A Thorny Issue Resolved as “Flowers For All” Trade Mark Deemed Distinctive

Business blooms for one trade mark owner as “FLOWERS FOR ALL” has been deemed distinctive enough to be registered as a trade mark in Australia.

Re KJ Ince Pty Ltd [2023] ATMO 139 concerned an application to register the trade mark FLOWERS FOR ALL for flowers and floristry services.

The mark achieved registration without opposition on 31 January 2023, before an anonymous third party submitted that the registration ought to be revoked on 15 March 2023. The Registrar subsequently issued a Notice of Intention to Revoke Registration on the basis that FLOWERS FOR ALL mark was not sufficiently distinctive to be registered as a trade mark, therefore a ground for rejection ought to have been raised during examination under section 41 of the Trade Marks Act 1995 (Cth) (Act). The matter proceeded to a hearing, where the Hearings Officer found no error was made during examination and the FLOWERS FOR ALL mark is sufficiently distinctive to be registered as a trade mark.

The Hearings Officer applied the two step test for distinctiveness under section 41 of the Act enunciated by the High Court of Australia in Cantarella Bros Pty Ltd v Modena Trading Pty Ltd (2014) 254 CLR 337, summarised as follows:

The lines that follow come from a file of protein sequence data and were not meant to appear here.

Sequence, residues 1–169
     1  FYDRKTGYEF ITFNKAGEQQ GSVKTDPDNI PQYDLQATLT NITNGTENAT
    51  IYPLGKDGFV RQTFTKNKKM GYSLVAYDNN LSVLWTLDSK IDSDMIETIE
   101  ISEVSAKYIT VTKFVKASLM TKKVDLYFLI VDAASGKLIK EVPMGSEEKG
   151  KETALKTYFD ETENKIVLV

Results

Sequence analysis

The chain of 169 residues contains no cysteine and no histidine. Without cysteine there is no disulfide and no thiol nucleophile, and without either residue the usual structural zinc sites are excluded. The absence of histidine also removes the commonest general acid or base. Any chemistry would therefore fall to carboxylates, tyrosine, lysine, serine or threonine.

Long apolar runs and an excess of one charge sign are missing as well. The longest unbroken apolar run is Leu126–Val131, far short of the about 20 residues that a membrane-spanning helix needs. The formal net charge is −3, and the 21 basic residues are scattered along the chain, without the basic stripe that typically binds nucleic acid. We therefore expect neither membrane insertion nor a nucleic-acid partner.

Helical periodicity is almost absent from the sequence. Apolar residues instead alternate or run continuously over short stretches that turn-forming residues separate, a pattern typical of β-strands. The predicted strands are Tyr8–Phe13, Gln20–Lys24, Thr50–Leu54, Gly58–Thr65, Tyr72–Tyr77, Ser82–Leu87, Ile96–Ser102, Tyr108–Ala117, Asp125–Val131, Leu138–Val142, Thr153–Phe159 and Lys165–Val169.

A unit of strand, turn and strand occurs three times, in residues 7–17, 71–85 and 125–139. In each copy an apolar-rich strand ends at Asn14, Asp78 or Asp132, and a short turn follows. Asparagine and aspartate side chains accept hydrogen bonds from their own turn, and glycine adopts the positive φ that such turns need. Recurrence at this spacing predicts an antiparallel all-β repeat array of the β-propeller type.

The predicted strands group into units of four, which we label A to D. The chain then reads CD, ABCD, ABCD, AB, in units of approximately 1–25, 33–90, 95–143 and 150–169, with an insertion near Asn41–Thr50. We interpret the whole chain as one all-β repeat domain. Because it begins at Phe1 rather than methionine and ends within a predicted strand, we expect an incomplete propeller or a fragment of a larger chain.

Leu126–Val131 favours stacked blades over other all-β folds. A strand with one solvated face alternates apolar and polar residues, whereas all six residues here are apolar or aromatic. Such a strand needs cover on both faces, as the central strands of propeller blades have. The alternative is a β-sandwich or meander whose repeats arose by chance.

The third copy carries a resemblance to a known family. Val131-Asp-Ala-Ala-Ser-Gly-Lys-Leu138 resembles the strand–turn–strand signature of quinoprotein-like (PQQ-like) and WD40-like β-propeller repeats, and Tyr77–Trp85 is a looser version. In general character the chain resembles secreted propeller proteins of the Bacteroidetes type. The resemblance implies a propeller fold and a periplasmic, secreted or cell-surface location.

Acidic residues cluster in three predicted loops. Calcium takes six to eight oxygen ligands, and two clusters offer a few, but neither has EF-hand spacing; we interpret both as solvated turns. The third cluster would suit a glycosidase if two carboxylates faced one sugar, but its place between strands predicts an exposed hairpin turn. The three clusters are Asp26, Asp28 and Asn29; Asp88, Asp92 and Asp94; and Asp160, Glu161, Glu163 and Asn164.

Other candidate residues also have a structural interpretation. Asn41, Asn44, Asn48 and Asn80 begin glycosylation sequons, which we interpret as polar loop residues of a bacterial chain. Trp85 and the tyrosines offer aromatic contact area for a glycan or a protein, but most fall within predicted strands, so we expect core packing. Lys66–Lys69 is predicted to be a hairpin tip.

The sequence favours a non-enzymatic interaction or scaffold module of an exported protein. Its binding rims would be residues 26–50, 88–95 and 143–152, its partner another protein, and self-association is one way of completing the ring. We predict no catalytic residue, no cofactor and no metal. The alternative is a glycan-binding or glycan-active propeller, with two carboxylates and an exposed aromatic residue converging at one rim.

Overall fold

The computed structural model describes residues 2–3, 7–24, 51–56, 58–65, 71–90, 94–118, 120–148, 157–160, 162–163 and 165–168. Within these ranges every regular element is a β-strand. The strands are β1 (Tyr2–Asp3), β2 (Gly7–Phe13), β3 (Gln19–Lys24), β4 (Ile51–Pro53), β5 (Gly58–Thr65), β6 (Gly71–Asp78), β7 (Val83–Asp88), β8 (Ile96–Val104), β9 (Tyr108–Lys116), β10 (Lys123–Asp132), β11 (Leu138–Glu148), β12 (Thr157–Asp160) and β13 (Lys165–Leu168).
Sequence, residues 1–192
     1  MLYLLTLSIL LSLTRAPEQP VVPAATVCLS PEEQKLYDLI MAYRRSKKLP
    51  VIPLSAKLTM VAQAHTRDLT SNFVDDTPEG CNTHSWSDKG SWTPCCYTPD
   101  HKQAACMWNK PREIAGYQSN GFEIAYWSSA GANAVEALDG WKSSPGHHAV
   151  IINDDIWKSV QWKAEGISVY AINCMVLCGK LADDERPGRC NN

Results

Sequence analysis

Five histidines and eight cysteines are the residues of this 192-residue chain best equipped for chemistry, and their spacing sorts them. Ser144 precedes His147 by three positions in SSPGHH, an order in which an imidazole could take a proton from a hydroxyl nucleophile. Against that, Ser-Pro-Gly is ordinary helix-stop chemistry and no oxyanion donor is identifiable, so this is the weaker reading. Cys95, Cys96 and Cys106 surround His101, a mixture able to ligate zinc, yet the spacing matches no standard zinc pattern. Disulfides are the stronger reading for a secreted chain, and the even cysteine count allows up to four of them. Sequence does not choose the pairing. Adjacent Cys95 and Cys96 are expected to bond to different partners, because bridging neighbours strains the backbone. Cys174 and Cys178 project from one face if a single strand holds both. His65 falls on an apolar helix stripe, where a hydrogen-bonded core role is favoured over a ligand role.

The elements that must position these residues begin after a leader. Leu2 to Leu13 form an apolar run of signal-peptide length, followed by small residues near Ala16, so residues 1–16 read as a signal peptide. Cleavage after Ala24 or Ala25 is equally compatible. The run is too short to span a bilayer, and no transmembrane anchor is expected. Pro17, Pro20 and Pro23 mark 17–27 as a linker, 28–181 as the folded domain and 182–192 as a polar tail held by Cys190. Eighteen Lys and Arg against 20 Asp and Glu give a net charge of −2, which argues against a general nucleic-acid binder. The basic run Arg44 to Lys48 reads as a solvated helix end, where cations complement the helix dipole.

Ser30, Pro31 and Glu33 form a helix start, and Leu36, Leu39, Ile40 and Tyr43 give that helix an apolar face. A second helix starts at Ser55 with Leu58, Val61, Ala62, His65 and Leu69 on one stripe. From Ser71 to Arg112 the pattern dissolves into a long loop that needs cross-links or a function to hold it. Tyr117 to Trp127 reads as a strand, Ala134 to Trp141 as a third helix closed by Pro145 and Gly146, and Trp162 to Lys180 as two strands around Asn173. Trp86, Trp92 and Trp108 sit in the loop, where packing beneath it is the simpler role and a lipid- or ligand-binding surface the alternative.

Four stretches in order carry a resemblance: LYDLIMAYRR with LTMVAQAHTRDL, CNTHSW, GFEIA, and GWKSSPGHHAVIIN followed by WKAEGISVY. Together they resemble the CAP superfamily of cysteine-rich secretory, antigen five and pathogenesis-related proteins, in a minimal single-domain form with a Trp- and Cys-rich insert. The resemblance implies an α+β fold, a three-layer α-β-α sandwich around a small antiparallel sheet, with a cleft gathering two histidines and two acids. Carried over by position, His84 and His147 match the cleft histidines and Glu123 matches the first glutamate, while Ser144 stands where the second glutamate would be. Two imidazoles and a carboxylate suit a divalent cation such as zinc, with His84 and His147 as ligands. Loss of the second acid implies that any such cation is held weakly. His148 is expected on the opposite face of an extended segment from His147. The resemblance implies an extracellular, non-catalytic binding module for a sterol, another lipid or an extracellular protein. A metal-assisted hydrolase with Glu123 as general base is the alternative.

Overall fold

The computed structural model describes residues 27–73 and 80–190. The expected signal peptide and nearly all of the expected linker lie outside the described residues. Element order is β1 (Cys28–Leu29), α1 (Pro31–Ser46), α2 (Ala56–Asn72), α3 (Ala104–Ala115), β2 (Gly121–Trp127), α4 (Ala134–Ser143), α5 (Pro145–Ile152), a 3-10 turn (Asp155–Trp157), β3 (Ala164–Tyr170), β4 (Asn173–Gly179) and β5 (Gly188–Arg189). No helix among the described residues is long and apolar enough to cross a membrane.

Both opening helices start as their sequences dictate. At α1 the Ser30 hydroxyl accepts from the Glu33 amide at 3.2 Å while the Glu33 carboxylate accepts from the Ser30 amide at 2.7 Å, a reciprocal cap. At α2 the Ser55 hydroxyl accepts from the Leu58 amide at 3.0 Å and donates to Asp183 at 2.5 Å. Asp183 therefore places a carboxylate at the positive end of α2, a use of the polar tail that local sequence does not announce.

1. What is the ordinary signification of the trade mark?
  2. Would other traders legitimately need to use the mark in respect of their own similar goods and/or services?

The FLOWERS FOR ALL was considered to have a “fairly obvious ordinary signification in respect of the Applicant’s Goods and Services”.

However, critically, the Hearings Officer considered that “it would be unusual, in common parlance in Australia today, for people to use the term ‘for all’ to refer to all people… It [would] likely to strike the listener as odd, or be taken as an intentional attempt to use this (potentially) archaic terminology for effect.”

The Hearings Officer therefore found that other traders would not, without improper motives, wish to use FLOWERS FOR ALL in respect of similar goods and services.

As the Hearings Officer found there was no error made during examination, the FLOWERS FOR ALL mark remains registered.

Key Takeaways:

  • Distinctiveness test: it is critical that both steps of the Canterella distinctiveness test are applied when considering section 41 of the Act. Trade marks can use simple words and have an ordinary signification that is descriptive of the claimed goods or services but, because of some novel or unusual grammatical construction, still be distinctive enough that other traders would not have a legitimate desire to use the mark.
  • Fortune favours the brave: trade mark applicants should not shy away from trying to secure registration of slogans, taglines or descriptive phrases in Australia. If a trade mark applicant is astute enough to seek to register an expression with a descriptive meaning, this does not necessary prevent the mark from being sufficiently adapted to distinguish. Once registered, a monopoly in an otherwise descriptive phrase can be a powerful marketing tool.

By Greg Pieris and Phoebe Naylor

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